Given what everyone thinks they know today, one wonders where the reputation of both the .45 auto and the .45 (Long) Colt ever came from. That's no joke, either. In reading through my old copy of Small Arms of the World, they (don't know if it was Smith or Smith) stated the only round with proven combat ability was the .45 auto. Could be.
But Mr. DanRanull, my father said the same thing. We say they should have known better. Maybe we should know better. Maybe none of us know anything!
My father never mentioned actually using a .45 auto, though I do have a photo of him wearing a revolver, almost certainly a .45, in a reverse draw holster and an MP shoulder strap rig. He's standing in front of a Jeep in a photo that is so "period correct" as to be impossible to reproduce today. I should try to post that, except it's beyond my technical ability.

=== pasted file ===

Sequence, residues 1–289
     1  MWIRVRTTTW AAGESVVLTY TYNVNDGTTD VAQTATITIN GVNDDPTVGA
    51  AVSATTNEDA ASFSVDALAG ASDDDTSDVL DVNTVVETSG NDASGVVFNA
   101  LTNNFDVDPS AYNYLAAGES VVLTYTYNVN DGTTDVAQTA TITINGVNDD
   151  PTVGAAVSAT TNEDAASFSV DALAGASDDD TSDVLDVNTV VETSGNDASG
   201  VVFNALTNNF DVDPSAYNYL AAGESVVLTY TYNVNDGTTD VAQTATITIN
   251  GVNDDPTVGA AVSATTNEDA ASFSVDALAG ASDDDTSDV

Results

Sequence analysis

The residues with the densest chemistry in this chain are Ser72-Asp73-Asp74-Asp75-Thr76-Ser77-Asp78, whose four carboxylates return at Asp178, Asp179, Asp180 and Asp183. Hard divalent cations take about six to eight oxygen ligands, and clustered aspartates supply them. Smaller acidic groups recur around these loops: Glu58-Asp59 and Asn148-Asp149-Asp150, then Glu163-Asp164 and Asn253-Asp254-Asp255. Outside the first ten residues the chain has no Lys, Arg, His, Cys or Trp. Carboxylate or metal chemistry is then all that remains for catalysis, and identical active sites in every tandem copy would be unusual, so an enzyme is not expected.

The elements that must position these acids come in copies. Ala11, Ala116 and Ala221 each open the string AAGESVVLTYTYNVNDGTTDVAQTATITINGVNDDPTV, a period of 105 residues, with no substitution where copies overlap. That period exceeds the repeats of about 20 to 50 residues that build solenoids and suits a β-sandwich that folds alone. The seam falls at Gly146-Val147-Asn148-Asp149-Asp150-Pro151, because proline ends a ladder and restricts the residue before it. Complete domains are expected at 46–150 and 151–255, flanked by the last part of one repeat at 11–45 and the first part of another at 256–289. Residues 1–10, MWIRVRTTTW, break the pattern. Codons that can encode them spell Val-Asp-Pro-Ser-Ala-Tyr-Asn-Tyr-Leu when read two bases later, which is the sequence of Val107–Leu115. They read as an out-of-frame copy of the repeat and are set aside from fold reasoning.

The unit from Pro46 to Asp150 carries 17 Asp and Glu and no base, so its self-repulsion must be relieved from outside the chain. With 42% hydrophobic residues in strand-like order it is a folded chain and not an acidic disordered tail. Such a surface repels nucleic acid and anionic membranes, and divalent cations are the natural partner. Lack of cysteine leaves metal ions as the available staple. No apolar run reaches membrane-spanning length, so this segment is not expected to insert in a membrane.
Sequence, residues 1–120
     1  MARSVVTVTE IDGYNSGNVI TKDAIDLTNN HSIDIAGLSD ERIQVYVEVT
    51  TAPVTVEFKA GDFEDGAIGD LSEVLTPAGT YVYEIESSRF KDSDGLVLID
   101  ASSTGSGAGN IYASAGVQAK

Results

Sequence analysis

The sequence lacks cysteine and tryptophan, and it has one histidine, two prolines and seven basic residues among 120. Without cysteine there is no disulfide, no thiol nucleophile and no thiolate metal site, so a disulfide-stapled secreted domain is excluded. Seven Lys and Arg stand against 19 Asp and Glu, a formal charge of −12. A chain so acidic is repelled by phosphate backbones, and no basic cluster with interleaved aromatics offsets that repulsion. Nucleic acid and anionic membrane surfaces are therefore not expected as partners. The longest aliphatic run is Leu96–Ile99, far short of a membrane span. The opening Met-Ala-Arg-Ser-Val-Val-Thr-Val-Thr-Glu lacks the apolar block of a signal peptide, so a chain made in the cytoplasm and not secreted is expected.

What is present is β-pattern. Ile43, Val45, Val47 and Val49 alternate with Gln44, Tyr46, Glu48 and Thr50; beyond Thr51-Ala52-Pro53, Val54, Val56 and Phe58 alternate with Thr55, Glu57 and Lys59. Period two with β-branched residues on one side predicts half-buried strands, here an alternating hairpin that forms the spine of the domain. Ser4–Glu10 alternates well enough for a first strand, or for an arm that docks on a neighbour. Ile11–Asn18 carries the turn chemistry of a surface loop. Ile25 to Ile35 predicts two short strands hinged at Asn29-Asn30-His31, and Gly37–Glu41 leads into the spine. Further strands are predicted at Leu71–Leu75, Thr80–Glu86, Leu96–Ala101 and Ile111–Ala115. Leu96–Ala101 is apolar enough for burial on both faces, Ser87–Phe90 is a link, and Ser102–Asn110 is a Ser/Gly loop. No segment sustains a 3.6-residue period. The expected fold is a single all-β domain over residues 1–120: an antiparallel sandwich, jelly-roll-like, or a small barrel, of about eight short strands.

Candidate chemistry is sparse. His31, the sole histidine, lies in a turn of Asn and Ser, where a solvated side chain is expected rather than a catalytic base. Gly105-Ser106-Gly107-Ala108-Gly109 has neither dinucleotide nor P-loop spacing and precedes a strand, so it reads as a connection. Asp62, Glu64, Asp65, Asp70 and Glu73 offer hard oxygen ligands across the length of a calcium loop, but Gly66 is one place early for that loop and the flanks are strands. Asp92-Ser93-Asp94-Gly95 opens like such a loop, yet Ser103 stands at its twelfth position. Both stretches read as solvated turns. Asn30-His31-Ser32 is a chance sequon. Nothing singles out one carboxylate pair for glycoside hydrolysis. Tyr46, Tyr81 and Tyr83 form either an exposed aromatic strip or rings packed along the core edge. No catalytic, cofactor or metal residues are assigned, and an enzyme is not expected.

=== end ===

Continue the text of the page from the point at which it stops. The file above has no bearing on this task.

It's a particularly interesting photo. The Jeep has no bumper markings like are common now and his OD service dress jacket (not a short Ike jacket) has no brass collar insignia. I also have another photo somewhere in the recesses of the cedar chest of him standing in front of one of those bell tents wearing fatigues with a Daisy Mae hat and armed with a shotgun. Just by coincidence, I also have a photo of my son in the army armed with a shotgun--and a pistol.
Shoot low, sheriff. They're riding Shetlands!
Underneath the starry flag, civilize 'em with a Krag,
and return us to our own beloved homes!
Buy War Bonds.
Last edited by BlueTrain; August 29, 2012 at 06:35 AM.